Situational Influences on Experiences of Long-Distance Hikers

Authors

  • Justin Yun Georgia Southern University
  • John G. Peden Georgia Southern University

DOI:

https://doi.org/10.18666/JOREL-2018-V10-I3-7536

Keywords:

means-end theory, health outcomes, psychological benefits, Appalachian Trail, Continental Divide Trail, Pacific Crest Trail

Abstract

The Appalachian Trail (AT), Pacific Crest Trail (PCT), and Continental Divide Trail (CDT) are arguably the most popular long-distance hiking routes in the United States. With increasing need for recreational space, these trails are experiencing heavier visitation and impact. Research on the experiences of long-distance hikers can be used as a means of justifying funding for the management of the AT, PCT, CDT, and other long-distance trails. This study used the Benefits of Hiking Scale to determine whether benefits of participation and components of means-end theory varied based on the duration and location of long-distance hiking experiences. The study used an online survey to collect data from 292 hikers, who were classified as non-thru-hikers, AT thru-hikers, or thru-hikers of other long-distance trails. The number of thru-hikes completed in the last 10 years was also calculated. Results suggest that non-thru-hikers seek to maintain or improve physical health to a greater degree than thru-hikers, who appear to be motivated by other aspects of the hiking experience.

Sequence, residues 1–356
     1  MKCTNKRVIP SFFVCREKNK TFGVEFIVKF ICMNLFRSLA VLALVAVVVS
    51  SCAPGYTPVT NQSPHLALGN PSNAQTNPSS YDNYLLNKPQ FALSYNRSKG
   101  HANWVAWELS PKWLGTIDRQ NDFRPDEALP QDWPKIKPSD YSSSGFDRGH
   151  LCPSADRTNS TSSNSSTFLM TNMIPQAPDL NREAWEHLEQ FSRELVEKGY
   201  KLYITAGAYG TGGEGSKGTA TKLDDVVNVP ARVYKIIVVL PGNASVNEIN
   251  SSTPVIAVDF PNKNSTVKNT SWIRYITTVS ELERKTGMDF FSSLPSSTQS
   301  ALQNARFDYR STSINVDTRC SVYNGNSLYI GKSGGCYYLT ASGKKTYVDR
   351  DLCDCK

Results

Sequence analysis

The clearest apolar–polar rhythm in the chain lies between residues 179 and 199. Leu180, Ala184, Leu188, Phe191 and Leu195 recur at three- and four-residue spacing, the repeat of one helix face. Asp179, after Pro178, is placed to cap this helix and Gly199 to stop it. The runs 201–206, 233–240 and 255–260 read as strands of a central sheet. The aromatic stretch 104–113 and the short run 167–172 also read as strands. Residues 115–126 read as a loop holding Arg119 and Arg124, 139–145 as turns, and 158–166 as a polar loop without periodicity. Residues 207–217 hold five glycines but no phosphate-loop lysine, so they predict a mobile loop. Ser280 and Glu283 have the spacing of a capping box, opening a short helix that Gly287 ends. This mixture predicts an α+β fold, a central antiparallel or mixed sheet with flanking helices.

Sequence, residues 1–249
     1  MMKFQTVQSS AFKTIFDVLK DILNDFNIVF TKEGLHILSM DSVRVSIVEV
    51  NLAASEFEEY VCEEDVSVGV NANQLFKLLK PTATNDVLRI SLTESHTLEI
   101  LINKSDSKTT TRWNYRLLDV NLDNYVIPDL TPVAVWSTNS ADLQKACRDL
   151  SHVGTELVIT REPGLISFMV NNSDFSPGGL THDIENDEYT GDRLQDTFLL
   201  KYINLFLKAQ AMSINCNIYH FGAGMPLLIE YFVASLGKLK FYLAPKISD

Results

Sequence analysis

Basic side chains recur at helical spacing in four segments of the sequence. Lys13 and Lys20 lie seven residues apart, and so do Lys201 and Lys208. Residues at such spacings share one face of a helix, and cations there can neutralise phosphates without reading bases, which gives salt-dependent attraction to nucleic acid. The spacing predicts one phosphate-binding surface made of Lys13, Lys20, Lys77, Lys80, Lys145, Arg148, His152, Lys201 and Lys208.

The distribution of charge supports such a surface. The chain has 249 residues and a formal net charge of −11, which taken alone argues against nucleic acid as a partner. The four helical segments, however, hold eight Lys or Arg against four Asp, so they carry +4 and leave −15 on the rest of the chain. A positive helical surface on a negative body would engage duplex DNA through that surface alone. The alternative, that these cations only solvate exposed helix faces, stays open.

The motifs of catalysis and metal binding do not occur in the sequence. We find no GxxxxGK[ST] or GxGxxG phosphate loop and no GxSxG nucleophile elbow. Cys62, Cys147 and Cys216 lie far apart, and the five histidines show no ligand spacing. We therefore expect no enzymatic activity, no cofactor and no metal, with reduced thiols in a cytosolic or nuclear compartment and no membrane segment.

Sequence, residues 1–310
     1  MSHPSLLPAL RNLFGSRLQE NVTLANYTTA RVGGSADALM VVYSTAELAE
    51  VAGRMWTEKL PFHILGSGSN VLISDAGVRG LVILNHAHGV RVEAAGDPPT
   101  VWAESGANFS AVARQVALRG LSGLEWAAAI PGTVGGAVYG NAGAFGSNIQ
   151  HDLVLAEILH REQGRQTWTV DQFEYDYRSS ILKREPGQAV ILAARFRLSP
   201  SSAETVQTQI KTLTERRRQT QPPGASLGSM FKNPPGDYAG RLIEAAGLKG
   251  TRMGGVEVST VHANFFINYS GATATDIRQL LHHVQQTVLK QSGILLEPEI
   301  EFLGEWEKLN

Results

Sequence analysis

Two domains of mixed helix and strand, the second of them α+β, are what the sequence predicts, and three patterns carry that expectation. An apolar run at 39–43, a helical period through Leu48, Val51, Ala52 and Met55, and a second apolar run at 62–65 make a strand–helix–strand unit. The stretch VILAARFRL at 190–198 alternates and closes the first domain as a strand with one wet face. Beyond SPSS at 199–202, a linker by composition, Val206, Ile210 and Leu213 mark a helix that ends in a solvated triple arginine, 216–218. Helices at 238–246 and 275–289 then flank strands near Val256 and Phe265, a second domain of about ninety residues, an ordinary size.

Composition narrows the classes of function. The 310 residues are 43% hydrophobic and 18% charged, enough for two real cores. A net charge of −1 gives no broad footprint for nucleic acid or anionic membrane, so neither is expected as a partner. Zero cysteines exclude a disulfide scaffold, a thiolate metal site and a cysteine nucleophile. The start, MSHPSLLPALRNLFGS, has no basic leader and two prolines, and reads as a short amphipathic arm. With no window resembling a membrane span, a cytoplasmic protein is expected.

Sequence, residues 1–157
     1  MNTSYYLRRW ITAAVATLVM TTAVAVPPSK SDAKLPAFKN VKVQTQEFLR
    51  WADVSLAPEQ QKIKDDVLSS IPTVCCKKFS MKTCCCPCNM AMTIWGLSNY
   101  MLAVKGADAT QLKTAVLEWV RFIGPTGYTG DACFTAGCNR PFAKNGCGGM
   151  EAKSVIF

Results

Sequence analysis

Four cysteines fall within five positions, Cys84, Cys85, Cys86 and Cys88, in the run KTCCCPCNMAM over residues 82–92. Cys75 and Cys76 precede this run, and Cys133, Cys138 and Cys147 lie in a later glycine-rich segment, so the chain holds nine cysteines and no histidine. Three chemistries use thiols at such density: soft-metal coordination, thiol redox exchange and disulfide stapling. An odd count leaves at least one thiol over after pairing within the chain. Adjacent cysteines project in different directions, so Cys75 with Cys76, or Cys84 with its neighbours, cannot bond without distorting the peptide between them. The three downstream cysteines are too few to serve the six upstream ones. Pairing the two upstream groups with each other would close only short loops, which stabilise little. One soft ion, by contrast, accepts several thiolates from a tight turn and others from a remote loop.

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Author Biography

John G. Peden, Georgia Southern University

Professor, Recreation & Tourism Management

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Published

2018-08-15

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Section

Regular Papers